From the birth of the blues in the early 1900’s to the emergence of rock ‘n’ roll and soul in the 50’s, Memphis has long been a music mecca. But there’s so much more to Memphis than just music.
The Blues On Beale
We strolled down legendary Beale Street, enjoying the sensory overload of neon lights, blues tunes spilling out of the bars and cafés, and the enticing aroma of smoky barbecue.
The Memphis Rock’n’Soul Museum
We spent hours exploring the history of blues, soul, and rock ‘n’ roll in the excellent Memphis Rock ‘n’ Soul Museum at the corner of Beale and Highway 61, also known as the Blues Highway.
Sun Studio: The Birthplace Of Rock’n’Roll
We had a blast on a high-energy tour of tiny Sun Studio, reliving the day when 19-year old Elvis Presley walked through the door and cut his first record.
Sam Phillips, the founder of Sun Records, basically didn’t give a rip about Jim Crow laws—all he cared about was the music and providing equal opportunities for musicians. His work helped to break down racial barriers in the music industry. Phillips introduced not only Elvis, but also Howlin’ Wolf, B. B. King, Johnny Cash, Carl Perkins, Roy Orbison, and Jerry Lee Lewis to the world—and music has never been the same.
The National Civil Rights Museum
We took a break from our music immersion to spend an afternoon at the superb National Civil Rights Museum. Poignantly housed in the Lorraine Motel where Dr. Martin Luther King, Jr. was assassinated on April 4th, 1968, the museum takes an unflinching look at the struggles and victories of Black Americans. Alternately heartbreaking and triumphant, the Civil Rights Museum is one of the most inspiring museums we’ve visited.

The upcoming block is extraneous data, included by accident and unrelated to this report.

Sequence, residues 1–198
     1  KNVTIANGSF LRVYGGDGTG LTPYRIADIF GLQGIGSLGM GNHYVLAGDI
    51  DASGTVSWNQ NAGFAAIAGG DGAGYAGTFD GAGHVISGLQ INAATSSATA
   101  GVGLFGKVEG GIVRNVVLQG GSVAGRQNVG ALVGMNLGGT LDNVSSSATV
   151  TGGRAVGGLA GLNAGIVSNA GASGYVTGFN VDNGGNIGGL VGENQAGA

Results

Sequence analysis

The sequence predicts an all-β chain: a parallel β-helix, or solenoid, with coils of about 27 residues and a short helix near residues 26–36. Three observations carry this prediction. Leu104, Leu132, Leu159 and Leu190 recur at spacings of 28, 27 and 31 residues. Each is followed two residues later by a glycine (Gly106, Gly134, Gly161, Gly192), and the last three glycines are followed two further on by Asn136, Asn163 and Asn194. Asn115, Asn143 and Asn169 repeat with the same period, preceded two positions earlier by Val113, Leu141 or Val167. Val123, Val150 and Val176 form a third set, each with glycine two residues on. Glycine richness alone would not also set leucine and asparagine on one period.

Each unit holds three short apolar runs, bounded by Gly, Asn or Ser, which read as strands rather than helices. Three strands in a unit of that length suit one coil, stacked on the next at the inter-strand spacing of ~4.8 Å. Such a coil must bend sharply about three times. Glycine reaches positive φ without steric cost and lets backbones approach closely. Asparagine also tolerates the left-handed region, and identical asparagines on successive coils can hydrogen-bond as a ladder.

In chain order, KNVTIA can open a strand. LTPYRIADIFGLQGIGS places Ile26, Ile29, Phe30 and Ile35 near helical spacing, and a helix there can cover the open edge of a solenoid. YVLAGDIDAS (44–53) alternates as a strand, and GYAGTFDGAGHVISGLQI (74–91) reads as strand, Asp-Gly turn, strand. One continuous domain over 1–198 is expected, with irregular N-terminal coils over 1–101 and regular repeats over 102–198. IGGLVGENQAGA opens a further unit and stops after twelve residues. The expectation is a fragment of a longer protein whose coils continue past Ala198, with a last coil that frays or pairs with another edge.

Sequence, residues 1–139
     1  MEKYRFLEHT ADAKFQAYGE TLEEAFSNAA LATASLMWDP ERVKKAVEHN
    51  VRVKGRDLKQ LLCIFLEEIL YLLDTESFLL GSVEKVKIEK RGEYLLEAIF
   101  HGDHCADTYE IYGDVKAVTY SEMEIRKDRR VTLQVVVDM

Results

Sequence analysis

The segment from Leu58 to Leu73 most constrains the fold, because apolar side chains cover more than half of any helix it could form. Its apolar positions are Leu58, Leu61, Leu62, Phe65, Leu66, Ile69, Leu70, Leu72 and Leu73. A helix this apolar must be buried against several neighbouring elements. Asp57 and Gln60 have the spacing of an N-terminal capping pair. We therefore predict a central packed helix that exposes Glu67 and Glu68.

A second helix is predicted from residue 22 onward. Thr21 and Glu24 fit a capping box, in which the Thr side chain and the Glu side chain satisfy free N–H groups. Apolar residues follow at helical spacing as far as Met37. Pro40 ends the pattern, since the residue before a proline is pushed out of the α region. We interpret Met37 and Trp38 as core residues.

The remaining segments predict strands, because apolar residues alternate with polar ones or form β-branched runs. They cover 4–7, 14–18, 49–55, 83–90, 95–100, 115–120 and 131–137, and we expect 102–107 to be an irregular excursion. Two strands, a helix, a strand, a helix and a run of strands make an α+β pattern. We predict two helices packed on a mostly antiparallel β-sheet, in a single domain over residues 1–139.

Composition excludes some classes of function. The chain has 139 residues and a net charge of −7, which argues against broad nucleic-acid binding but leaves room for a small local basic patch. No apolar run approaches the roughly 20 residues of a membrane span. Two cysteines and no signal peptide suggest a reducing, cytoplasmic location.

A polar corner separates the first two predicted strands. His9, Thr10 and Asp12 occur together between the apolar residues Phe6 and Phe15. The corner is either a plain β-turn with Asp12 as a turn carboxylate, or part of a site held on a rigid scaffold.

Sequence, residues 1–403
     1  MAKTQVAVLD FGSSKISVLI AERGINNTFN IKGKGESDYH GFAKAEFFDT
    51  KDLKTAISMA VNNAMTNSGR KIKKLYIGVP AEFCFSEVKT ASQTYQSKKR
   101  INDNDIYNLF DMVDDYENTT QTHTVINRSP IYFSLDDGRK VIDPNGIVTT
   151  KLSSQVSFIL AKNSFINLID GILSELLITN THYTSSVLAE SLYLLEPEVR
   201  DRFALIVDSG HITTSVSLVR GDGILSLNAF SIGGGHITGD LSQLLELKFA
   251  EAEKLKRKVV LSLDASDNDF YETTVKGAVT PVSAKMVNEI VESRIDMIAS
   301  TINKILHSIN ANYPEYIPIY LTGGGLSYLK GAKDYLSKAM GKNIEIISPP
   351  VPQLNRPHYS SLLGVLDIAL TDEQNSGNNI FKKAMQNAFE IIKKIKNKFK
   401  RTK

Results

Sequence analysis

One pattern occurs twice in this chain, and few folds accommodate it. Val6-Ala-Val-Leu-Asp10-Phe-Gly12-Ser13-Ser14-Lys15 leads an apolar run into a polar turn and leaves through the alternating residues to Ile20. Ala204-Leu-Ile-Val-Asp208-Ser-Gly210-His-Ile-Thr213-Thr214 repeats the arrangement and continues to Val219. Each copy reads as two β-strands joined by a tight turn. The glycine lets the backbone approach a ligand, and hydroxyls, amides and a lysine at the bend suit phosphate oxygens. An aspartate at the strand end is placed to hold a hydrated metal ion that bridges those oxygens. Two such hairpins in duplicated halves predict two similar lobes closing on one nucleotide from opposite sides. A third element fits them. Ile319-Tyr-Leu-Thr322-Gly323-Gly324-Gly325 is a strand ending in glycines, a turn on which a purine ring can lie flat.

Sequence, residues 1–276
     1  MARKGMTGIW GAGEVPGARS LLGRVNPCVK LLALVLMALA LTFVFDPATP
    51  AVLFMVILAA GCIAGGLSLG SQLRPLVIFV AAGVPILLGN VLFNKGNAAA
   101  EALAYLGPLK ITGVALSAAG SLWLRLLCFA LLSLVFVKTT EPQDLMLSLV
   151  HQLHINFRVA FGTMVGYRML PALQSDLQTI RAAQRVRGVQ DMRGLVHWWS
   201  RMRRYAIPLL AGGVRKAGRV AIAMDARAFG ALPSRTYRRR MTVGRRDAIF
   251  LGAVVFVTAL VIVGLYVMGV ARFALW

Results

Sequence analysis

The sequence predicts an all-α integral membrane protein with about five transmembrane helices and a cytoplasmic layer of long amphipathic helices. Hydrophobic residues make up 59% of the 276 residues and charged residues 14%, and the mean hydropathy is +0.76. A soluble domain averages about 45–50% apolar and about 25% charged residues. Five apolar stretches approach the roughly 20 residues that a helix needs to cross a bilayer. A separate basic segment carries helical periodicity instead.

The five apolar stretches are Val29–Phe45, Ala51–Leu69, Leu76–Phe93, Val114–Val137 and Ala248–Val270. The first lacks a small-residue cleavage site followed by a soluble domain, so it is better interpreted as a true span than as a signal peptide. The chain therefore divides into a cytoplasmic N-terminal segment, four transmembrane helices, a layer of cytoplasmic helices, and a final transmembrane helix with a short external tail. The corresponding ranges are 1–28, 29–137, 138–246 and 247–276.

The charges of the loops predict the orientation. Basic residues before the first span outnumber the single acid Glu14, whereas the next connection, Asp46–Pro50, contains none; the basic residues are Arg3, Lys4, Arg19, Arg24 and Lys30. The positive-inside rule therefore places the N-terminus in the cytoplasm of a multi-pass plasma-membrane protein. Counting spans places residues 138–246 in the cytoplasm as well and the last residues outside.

Memphis has had a difficult past, rife with economic problems, racial issues, and most tragically, the assassination of Dr. King. Many people say that the racial lines are still strongly drawn here. Memphis consistently ranks as one of the poorest big cities in the country, as well as one of the most crime-ridden. There’s an abundant police presence in the downtown area (including Beale Street), which is both disquieting and reassuring.
As for our personal experience, we found Beale Street to be clean and remarkably well behaved. We were there mid-week, which undoubtedly contributed to the mellow vibe. We loved the music, the downtown area is attractive and clearly on the upswing, and the museums are some of the most interesting we’ve visited anywhere.
We’re looking forward to a return visit to catch the things we missed our first time around—and we’re still in search of the perfect barbecue. For those who might be wondering, we bypassed Graceland—it’s ridiculously expensive and painfully tacky, just like Elvis’s sequined jumpsuits. However, we did stop by his modest birthplace in Tupelo on our way out of Memphis.
About The Campgrounds
In Memphis: T. O. Fuller State Park is convenient (about 10 miles from Beale Street) and attractive. The sites are large, level, and paved, with electric and water hookups. Extras include several hiking trails, a coin laundry, and an ice machine. Verizon coverage is decent. Here’s the best part: Tennessee State Parks offers a senior discount in the late fall and winter, so our site was a mere $11 per night.
Note: We’ve since read that there is a nasty sewage smell from the nearby sewage treatment plant. It wasn’t a problem when we were there (and I have a very sensitive nose!) but apparently it can be bad.
In Tupelo: Just five miles outside of Tupelo, Mississippi, Tombigbee State Park was a perfect stop as we headed south. It’s a lovely small park with only 20 sites. Full hook-ups, excellent Verizon, and $14 per night with the senior discount.